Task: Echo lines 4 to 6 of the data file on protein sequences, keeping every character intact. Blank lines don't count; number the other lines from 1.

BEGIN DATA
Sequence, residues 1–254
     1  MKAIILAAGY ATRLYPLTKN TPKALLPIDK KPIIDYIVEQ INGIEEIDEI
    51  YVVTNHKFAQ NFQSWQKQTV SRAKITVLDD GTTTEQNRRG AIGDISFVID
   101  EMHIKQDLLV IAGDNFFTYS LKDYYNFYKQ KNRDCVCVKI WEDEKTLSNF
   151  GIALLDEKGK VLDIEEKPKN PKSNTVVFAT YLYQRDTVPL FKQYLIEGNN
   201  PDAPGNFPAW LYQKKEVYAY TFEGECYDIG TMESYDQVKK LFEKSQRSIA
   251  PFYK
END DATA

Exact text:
   101  EMHIKQDLLV IAGDNFFTYS LKDYYNFYKQ KNRDCVCVKI WEDEKTLSNF
   151  GIALLDEKGK VLDIEEKPKN PKSNTVVFAT YLYQRDTVPL FKQYLIEGNN
   201  PDAPGNFPAW LYQKKEVYAY TFEGECYDIG TMESYDQVKK LFEKSQRSIA